2. No Disaster Recovery Plan Works Without Backup: Disaster recovery provides business continuity in the event of a disaster or other unforeseen event. Maintaining an off-site backup copy is the only effective way to address a disaster that destroys both your production systems, data and on-site backup copies. When you need to recover systems to a secondary site, you can use the off-site backup copy to restore from. Larger organisations store backup copies on tape, or in a private cloud whereas SMBs tend to store copies in public clouds.
To simplify, I recommend a 3-2-1 methodology:
#Maintain all data in three (3) locations: options include production systems, backup on NAS, and backup in the cloud.
#Maintain backup copies on two (2) types of media (disk and cloud).
#Maintain one (1) copy of backup data off-site.
Disaster recovery planning is critical to ensure business continuity and the survivability of your business. It must be, along with your backup strategy, a strategic element of your IT plan.
3. Backup is a Requirement to Maintain Your Compliance Status: Most regulatory compliance requirement dictates that organisations must protect and secure their data. There are many examples of compliance regulations all over the world that require an organisation to backup data in order to remain compliant. To encourage more companies to embrace the cloud and put in place backup and disaster recovery plans, Singapore has put in place the Next Gen NBN, Singapore Internet Exchange and Data Centre Park. Additionally, the financial regulator has made it mandatory for all financial institutions to put in place data security processes and procedures and any incidence of data breach is viewed seriously and penalised.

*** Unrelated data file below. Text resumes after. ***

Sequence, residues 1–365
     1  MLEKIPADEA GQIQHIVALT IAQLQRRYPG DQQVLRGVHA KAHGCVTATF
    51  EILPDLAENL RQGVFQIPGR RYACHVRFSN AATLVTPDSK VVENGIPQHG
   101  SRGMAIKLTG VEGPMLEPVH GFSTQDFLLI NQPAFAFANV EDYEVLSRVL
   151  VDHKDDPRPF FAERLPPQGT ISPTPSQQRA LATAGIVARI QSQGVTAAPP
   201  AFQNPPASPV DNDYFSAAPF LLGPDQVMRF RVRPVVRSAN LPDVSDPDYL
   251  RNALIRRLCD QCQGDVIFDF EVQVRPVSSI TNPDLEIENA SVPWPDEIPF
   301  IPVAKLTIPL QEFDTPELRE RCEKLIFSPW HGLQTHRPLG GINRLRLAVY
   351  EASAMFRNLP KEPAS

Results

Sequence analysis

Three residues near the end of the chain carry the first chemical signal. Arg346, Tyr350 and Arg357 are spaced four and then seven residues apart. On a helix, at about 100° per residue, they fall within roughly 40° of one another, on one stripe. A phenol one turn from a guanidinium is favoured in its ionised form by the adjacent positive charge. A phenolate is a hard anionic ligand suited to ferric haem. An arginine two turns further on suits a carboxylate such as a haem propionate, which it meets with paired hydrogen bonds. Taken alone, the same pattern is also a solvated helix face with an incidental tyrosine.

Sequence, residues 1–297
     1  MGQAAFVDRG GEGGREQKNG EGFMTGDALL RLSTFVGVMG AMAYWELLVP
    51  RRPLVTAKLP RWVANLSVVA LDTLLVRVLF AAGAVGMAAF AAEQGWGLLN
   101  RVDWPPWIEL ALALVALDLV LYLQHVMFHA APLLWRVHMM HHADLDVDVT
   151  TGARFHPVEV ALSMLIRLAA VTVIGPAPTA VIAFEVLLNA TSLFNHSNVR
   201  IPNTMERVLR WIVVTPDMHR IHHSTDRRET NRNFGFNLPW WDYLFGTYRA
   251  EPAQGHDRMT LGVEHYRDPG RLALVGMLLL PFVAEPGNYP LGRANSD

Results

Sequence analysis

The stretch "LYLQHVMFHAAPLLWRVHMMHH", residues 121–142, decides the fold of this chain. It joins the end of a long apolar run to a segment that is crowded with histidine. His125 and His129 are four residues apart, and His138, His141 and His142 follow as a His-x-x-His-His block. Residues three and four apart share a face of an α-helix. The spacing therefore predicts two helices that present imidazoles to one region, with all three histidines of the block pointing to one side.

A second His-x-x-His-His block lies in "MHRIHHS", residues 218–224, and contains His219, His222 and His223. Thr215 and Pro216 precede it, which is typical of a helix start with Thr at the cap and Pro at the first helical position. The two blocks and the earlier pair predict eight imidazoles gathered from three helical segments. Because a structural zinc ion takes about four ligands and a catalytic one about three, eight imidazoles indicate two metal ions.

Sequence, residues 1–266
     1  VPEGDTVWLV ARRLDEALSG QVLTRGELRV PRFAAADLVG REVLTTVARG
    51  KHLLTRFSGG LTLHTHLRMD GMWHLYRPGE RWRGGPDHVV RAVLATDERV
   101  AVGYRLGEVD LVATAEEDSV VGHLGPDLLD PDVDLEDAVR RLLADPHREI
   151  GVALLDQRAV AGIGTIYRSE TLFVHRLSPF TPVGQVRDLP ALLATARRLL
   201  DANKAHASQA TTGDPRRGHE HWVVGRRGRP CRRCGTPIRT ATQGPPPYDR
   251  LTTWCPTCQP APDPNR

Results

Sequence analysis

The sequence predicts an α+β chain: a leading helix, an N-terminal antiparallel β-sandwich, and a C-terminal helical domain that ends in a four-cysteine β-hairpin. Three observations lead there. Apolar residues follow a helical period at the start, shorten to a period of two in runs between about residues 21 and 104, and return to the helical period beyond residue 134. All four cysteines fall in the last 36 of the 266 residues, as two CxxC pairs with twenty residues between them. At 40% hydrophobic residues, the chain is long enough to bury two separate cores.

A consultation paper on Technology Risk Management Guidelines by the Monetary Authority of Singapore recommends that storage systems being key IT infrastructure components that house critical information assets, their resiliency and availability are crucial to the continuous operation of critical applications and online systems used by financial institutions. In the event of a major site outage, the architecture of the storage system should have the capability to switch over from the primary production site to an alternate site to meet required recovery time objectives and recovery point objectives. The recoverability and consistency of data at the alternate site should be regularly tested.
To Sum It Up
Executives need to make their data protection requirements a part of the strategic plan for IT. Backup and disaster recovery planning, implementation and regular recovery testing are essential to the survival of a business. The ideal solution will provide an integrated suite of products that deliver unified control, management, and reporting for your entire environment regardless of the size of your organisation, the number of data types, the number and types of operating system platforms and applications. Backup is critical – yes, strategic – to every business because your business runs on data and backup is the only way to protect it.
Serguei Beloussov is the CEO at Acronis. He has 21-year track record in building, growing and leading high-performing, multi-national high tech companies.